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Jet Blue Flight Rochester to New York City

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“. . . as you know, we have experienced a lowering of our expectations.”
-caption to a comic in newspaper referencing the lowering economic status of America.

I have never been on a rockier flight before. My computer is bouncing up and down on the eating tray as I am watching the wings of the plane flapping in the breeze like the wings of a bird through the porthole windows.

The pilot come on the loud speaker:

“I am sorry to inform you of this,” he begins in an overly dour voice. Shit, I think that he is going to say we are turning back to Rochester because of the weather conditions. “But we will not be able to serve coffee on this flight because of the turbulence.”

Whew, that was close. After more than an hour delay on the tarmac in Rochester, because the plane was not properly prepared, I was not cringing at the thought that we would not reach our destination.

Going to Maine. I need to get there quickly. I spent $170 to travel fast, it would be for too ironic for my humor to bear if the plane could not deliver me faster than the bus. There is a good chance I am going to miss my connecting flight in JFK already. Hoping to get on another, just hoping to make it to Maine somehow. Poor Chaya will be waiting for me a long time in Portland.   

I cannot figure out why this flight departed from Rochester over an hour late. There was snow on the ground and it was cold, but the weather was not a real factor. Simply put, the airline decided to de-ice the plane only after it was fully boarded by passengers. The airline decided to de-ice the plane at the precise time it was scheduled to take off. I cannot understand this. The plane sat on the tarmac all night long. The night was cold, and any foolish chap could see the icicles hanging off of the wings and sides of the airplane. It was well known that the plane would need to be de-iced – and that it would take over an hour to do so – way before take-off time.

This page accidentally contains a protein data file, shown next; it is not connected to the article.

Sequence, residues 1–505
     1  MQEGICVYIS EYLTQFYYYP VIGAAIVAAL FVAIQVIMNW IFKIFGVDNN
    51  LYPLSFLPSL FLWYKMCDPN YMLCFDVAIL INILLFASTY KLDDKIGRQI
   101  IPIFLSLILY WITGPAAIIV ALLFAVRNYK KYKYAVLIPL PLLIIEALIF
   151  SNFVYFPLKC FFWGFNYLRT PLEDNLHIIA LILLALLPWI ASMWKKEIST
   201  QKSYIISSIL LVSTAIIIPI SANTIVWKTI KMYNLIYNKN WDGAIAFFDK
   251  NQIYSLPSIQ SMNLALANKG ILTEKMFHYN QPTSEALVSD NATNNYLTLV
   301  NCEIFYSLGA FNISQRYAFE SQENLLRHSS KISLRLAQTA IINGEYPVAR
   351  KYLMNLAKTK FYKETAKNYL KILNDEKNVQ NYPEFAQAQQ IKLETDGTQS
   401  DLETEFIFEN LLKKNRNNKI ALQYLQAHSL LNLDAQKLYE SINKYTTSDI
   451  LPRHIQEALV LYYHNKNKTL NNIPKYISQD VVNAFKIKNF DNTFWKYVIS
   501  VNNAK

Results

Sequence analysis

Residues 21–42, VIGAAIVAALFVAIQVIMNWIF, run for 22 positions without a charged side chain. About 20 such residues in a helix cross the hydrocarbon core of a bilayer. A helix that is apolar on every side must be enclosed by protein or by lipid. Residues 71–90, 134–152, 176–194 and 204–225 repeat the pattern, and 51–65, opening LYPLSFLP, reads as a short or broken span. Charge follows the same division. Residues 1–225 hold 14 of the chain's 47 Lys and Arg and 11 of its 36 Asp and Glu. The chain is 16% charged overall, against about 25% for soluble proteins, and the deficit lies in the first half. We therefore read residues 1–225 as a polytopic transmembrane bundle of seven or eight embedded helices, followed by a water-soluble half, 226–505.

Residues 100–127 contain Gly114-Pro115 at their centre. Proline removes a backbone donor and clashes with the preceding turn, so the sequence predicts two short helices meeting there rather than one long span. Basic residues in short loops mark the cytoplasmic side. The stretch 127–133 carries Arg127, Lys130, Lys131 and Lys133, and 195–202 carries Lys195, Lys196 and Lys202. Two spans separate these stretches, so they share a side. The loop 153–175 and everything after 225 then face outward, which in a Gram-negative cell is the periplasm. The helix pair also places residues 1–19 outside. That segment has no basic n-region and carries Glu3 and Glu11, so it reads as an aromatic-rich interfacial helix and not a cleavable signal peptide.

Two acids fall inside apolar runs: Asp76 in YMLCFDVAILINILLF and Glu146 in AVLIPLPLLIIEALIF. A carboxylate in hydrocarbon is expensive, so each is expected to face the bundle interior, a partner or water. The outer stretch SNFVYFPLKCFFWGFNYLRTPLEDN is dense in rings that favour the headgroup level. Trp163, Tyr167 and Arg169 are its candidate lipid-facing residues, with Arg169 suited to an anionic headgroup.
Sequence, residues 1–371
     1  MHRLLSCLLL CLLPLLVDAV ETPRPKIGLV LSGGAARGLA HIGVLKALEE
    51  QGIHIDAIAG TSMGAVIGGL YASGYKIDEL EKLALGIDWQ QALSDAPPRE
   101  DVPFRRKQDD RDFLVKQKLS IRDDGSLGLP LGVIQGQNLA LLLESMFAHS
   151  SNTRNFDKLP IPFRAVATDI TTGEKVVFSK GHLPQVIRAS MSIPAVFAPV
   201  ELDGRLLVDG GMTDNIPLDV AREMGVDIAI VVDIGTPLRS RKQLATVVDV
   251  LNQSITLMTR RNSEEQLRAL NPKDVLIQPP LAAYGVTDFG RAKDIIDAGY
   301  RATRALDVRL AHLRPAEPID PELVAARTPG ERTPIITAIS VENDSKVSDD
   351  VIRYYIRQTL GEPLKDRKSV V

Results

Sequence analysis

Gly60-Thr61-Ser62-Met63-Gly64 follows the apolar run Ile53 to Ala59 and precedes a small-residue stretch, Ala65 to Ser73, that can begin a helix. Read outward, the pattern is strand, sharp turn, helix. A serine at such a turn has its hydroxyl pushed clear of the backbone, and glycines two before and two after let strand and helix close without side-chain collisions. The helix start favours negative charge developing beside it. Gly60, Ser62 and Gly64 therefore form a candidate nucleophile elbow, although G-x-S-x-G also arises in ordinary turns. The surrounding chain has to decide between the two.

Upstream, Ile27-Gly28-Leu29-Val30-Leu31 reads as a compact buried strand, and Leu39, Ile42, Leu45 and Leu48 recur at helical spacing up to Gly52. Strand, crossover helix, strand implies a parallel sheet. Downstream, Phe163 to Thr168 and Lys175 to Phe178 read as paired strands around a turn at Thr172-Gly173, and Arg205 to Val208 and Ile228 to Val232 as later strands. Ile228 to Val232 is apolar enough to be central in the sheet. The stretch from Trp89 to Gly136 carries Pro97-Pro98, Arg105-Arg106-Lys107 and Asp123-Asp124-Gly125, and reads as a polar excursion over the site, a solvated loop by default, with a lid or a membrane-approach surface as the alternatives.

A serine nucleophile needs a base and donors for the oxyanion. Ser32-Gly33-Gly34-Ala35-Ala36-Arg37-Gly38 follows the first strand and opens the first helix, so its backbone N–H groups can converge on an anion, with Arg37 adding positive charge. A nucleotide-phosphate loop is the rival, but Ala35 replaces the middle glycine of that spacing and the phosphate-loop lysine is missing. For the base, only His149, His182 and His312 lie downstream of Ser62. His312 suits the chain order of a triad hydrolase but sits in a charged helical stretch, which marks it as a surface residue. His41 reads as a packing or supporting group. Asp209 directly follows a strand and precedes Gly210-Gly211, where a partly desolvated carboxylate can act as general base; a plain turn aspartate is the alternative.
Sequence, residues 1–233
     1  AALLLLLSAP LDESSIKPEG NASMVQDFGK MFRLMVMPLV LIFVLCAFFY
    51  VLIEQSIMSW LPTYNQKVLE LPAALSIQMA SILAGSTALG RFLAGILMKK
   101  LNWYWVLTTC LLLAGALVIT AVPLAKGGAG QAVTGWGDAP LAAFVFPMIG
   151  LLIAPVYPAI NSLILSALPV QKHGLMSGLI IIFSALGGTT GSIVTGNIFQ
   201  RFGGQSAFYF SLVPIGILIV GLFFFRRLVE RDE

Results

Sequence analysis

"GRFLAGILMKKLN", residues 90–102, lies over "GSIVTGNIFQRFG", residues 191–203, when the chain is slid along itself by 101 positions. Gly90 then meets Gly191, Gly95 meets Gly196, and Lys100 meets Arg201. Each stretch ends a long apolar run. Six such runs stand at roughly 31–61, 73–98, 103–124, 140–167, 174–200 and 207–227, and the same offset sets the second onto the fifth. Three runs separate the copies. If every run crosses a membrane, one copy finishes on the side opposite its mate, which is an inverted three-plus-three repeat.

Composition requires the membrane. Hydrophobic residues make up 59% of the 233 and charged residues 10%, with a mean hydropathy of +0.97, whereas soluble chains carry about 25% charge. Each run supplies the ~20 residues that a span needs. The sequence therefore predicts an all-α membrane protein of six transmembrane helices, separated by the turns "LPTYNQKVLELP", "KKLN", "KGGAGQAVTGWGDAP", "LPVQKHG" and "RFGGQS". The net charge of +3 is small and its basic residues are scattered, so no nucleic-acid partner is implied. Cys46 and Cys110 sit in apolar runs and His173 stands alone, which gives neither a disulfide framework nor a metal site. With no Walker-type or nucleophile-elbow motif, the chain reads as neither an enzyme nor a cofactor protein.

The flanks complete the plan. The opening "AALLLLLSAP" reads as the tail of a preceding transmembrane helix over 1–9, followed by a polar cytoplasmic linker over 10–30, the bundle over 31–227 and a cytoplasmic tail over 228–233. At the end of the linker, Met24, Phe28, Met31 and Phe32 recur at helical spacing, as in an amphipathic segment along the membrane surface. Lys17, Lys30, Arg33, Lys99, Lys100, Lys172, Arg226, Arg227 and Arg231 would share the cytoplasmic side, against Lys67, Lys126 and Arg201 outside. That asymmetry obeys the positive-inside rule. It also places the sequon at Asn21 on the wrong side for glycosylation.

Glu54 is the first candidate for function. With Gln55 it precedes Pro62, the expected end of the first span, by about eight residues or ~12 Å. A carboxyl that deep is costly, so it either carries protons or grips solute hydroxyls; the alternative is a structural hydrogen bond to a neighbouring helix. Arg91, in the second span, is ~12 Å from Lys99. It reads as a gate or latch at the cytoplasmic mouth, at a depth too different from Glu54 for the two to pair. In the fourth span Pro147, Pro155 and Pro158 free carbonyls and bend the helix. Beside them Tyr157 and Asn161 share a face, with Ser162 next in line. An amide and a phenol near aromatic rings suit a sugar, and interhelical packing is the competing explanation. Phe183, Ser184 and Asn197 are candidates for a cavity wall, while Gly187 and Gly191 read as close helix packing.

De-icing a Jet Blue airplane in Rochester, New York.

So why did the airline wait until the plane was boarded to do such routine preparation as de-icing a plane in an Upstate New York winter?

It seemed at the time to be a simple matter of the airline failing to plan ahead, but I later learned that there was something more to it:

As far as airline statistics are concerned, a plane is counted as being on schedule if it is boarded on time. So, therefore, it is common practice for airlines to fully board their aircraft BEFORE making mechanical repairs, weather preparations, or a variety of other actions to make a plane ready to fly. If a flight is boarded on time, it is considered to be a success for the airline, even if hours of repairs need to be completed before lift off or the flight arrives late. So, therefore, airlines often wait until a plane is boarded to make routine repairs, which, in the end, probably makes the plane arrive at its destination even later than if the repairs were done in advance and boarding was delayed.

Rochester, New York in winter.

It is becoming a way of course in the USA for flights to depart late. I would say that at least 60% of flights originating in the USA that I have been on in the past few years have been delayed for some reason or another. Airline delays are now an acceptable part of flying in the USA. It is normal to sit inside of an airplane for over an hour as mechanics do work that probably should have been done way in advance of the boarding time. What strikes me as odd is that nobody seems to really complain when this happens anymore. It has become normal for flights to be delayed.

The people of the USA have lowered their expectations.

The hill can only keep going go down from here.

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Filed under: Air Travel, USA

About the Author:

Wade Shepard is the founder and editor of Vagabond Journey. He has been traveling the world since 1999, through 80 countries. He is the author of the book, Ghost Cities of China, and contributes to Forbes, The Diplomat, the South China Morning Post, and other publications. has written 3126 posts on Vagabond Journey. Contact the author.

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